Survey: Employers looking to hire in third quarter

The third economic quarter of the year could be successful for manufacturing recruiters and Chicago staffing services. According to a recent survey, many industries will maintain or increase staffing levels after July 1.

Of the 11,000 employers interviewed by the ManpowerGroup for the Employment Outlook Survey, 24 percent said they would see a rise in their workforce in the third quarter. Additionally, 70 percent said there would no change in how many employees they have, while only 4 percent indicated a decrease in staff.

Jonas Prising, ManpowerGroup's CEO, said that the recruiters in a wide variety of industries are having success thanks to the improving economy. The 24 percent mark of companies who said they would hire was the highest number for any single quarter since the third quarter of 2008, just prior to the start of the recent recession.

"We are seeing the signs of a healthy labor market, with the outlook improving compared to 2014," Prising said in a statement, according to the Chicago Tribune. "Although there is some variance in optimism across sectors, employers are focused on growth and adding to their work forces at a controlled rate so as not to face the consequences of over-hiring."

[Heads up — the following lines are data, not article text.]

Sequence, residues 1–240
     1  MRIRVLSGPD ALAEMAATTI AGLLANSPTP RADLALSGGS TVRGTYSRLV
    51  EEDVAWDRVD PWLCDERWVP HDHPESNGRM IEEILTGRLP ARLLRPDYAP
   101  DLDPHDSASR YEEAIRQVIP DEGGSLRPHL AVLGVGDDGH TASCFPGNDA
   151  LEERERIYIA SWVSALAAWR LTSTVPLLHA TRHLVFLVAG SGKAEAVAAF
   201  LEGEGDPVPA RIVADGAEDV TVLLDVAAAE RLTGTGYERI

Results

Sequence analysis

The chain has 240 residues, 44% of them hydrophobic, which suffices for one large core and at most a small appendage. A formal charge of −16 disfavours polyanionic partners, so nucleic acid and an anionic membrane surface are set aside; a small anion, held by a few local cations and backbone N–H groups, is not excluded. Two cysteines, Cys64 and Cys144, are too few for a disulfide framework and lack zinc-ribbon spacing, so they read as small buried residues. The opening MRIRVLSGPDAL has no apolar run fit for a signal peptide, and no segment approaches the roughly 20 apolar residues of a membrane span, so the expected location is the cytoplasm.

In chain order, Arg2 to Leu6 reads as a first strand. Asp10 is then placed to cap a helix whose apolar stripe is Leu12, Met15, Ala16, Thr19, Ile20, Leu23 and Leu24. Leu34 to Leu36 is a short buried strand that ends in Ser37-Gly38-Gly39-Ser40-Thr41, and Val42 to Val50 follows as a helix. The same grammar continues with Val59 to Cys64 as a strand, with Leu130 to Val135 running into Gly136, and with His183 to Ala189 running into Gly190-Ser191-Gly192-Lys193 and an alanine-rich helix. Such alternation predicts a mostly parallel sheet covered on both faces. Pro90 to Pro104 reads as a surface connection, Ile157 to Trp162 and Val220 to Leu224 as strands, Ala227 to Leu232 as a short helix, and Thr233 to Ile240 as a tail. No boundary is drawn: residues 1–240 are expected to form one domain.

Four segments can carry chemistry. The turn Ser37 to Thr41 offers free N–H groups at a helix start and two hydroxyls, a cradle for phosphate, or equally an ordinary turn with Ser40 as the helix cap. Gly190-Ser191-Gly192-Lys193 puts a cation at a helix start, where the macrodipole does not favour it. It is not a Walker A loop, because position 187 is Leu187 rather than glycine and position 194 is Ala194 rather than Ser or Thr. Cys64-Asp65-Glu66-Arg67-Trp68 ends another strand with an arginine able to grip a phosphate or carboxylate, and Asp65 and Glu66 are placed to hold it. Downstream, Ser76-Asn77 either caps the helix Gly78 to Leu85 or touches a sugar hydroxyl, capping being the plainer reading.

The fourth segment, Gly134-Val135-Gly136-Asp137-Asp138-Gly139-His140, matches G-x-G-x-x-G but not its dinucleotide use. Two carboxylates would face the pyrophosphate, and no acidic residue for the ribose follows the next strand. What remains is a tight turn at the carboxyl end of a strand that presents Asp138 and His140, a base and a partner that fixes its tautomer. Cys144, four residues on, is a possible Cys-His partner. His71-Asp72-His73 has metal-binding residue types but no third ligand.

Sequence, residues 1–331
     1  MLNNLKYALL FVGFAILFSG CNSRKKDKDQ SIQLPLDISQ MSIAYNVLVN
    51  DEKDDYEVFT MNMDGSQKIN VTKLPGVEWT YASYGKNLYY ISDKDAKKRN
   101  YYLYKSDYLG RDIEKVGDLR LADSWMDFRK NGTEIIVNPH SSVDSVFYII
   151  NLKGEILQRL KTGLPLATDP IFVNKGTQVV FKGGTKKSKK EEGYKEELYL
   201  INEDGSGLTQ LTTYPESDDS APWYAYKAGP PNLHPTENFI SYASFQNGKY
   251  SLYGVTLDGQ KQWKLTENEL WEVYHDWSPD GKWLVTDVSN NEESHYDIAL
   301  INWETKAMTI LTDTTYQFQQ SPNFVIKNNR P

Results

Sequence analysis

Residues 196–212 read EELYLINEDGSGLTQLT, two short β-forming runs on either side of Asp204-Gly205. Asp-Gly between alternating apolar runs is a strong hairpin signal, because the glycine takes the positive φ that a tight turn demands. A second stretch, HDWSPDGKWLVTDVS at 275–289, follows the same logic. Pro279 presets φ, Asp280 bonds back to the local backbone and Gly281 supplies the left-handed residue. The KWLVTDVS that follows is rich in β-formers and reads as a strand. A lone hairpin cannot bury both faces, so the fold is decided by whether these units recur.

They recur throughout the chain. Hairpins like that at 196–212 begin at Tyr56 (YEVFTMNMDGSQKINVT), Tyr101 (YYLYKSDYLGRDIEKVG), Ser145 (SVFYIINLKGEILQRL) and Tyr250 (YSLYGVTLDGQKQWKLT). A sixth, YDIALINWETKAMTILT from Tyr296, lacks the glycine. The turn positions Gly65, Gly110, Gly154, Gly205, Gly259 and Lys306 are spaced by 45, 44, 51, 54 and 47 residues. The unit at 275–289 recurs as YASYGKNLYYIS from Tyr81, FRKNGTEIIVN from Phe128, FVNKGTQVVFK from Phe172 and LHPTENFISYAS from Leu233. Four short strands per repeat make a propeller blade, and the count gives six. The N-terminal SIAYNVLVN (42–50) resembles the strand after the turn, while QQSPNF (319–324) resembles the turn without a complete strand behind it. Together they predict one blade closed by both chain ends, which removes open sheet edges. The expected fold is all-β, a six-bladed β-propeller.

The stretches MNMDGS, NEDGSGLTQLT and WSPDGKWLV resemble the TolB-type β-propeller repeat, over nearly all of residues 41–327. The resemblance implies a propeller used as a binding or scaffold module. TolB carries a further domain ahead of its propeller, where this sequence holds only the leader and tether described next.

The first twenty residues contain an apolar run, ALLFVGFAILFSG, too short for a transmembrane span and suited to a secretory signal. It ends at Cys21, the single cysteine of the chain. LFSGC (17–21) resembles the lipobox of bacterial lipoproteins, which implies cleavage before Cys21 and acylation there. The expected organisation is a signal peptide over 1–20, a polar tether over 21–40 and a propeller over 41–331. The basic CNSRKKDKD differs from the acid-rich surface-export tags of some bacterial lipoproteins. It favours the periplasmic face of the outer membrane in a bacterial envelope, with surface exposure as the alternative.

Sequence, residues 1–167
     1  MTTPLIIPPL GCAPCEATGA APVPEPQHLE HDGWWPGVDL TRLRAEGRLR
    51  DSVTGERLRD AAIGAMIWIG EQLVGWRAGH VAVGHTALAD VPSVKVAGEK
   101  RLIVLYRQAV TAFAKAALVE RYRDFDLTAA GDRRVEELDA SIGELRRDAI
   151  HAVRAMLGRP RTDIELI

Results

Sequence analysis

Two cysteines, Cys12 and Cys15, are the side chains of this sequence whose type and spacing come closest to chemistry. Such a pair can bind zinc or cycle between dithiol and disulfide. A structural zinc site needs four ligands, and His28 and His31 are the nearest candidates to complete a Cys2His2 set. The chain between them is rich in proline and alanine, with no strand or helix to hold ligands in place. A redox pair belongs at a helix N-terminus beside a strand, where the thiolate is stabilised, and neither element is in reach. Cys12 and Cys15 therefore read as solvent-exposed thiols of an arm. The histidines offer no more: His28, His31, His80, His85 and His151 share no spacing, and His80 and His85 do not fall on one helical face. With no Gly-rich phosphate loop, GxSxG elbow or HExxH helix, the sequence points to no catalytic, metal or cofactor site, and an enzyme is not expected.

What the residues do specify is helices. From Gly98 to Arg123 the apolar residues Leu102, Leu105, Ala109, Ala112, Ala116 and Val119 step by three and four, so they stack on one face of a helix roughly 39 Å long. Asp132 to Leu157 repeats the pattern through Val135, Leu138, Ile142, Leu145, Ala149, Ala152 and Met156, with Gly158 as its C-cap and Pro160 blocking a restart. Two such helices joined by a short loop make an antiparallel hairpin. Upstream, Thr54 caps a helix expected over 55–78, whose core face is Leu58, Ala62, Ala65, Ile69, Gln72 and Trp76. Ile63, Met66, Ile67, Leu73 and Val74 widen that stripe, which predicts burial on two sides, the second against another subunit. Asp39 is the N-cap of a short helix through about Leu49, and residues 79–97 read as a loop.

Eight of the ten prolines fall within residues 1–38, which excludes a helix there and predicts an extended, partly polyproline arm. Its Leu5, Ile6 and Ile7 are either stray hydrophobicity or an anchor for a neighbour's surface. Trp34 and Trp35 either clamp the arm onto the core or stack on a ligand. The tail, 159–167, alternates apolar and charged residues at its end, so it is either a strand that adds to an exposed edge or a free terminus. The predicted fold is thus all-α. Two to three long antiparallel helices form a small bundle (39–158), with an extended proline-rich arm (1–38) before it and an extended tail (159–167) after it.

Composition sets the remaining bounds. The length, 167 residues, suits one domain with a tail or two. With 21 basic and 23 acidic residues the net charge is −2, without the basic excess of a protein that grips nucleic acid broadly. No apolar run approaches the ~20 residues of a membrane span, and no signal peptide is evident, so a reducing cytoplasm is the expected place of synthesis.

Growth in all areas

Among specific industries, the survey shows the biggest potential growth in leisure and hospitality, which is expected to see a 41 percent bump in employment. Those in the manufacturing field, making both durable and nondurable goods, will also see a rise in employment. The survey reported both those fields could see a 19 percent increase.

Mining was the one field that did not perform well in the survey, as 15 percent of employers in that industry said they were likely to decrease staff in the coming three months.

For Chicago recruiters, the news in mixed. The survey showed that 24 percent of Midwestern companies were looking to add staff in the third quarter, compared to only 3 percent who will see a drop in employment. However, when broken down by metropolitan area, surveyors in Chicago expected just a 15 percent spike in hiring.

All 100 of the country's largest metropolitan areas are expected to see a positive net employment over the next three months, led by Rochester, New York, Nashville, Tennessee, San Jose, California, and Seattle. Employers in all of those cities said they were planning to add staff at a greater than 30 percent clip.